LONDON (CelebrityAccess MediaWire) – A British Phonographic Industry (BPI) case brings an end to a North East counterfeiting operation gang which used a legit video store as a front for a piracy network. Family homes and caravan hid manufacture of thousands of fakes per week .
The UK record industry welcomes the sentences delivered yesterday to the ringleaders of what was one of Britain's biggest and most extensive counterfeiting gangs.
Sentencing after a BPI private prosecution, His Honour Judge Hewitt, said "It is clear that this was a substantial operation, on a much greater scale than just friends and family. It caused an incalculable loss to the industry and would have continued had the industry not taken this action."
After a two week trial at Durham Crown Court in November 2006, ringleader James Glen Cowan, 41, was yesterday jailed for 2 years for conspiracy to defraud, tax evasion and benefit fraud.
His wife, Ann Cowan, 38 was found guilty of conspiracy to defraud, benefit fraud (up to £30,000) and attempting to pervert the course of justice. She received a 9 month sentence suspended for 12 months and also has to spend 150 hours working unpaid in the community. The judge told her she only escaped prison because she was the mother of two young children.
Andrew Wood, 36, pleaded guilty in January and was jailed for 12 months for conspiracy to defraud and tax evasion
The sentences were handed down after the court heard that the trio's extensive counterfeiting operation – a criminal enterprise concealed behind a local video store – may have involved dozens of people and generated in excess of £1.5m over five years.
British record industry body, the BPI, brought a private prosecution after a routine operation led to the unveiling of an extensive and sophisticated counterfeiting operation. The BPI worked closely with film industry body, FACT, whose investigators assisted with the raids and gave evidence.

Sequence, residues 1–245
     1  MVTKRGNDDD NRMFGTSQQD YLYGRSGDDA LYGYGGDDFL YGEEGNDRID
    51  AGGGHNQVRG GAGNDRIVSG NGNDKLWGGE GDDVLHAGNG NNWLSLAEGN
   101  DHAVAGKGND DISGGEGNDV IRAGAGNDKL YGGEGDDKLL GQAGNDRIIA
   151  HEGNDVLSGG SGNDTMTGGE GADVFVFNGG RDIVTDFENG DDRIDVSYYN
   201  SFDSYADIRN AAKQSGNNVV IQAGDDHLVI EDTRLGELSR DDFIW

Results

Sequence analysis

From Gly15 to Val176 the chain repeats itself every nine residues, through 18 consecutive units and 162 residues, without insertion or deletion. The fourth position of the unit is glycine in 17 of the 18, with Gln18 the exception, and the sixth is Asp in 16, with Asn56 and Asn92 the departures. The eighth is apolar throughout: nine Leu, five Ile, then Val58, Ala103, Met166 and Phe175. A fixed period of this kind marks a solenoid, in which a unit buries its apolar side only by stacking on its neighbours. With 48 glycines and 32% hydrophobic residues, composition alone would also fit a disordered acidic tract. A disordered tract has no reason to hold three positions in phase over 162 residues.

Video Drive in the seaside town of Horden, County Durham, looked like an innocuous family run film rental store in a small close-knit neighbourhood. But the court heard that the gang used the store, owned by Andrew Wood, as a front for an extensive counterfeiting ring that the BPI believes was earning tens of thousands of pounds a week at its peak.
The Cowans had converted their family home and their caravan on Crimdon Dene Caravan Park into ad-hoc factories that would have been able to produce hundreds of counterfeit CDs and DVDs every hour.
This is the first BPI private case since Paul Canning and Mark Bailey, also from the north East, each received three and half year custodial sentences in April 2005 for their role in masterminding a ten-strong gang that earned £1.2 million during a counterfeiting scam.
Confiscation proceedings, which will strip them of their assets, are underway and due to be heard in court in July 2007.
BPI General Counsel Roz Groome said: "In the light of the current judicial guidance to avoid jailing offenders, these high prison sentences demonstrate the seriousness of the crime. We often find that those engaged in counterfeiting and piracy are also engaged in other areas of crime – in this case, benefit fraud and tax evasion.”
"We work very closely with the authorities to tackle IP crime and we welcome the government’s recently announced legislative changes which will give Trading Standards the power to protect copyright and prosecute those who engage in this illegal activity”.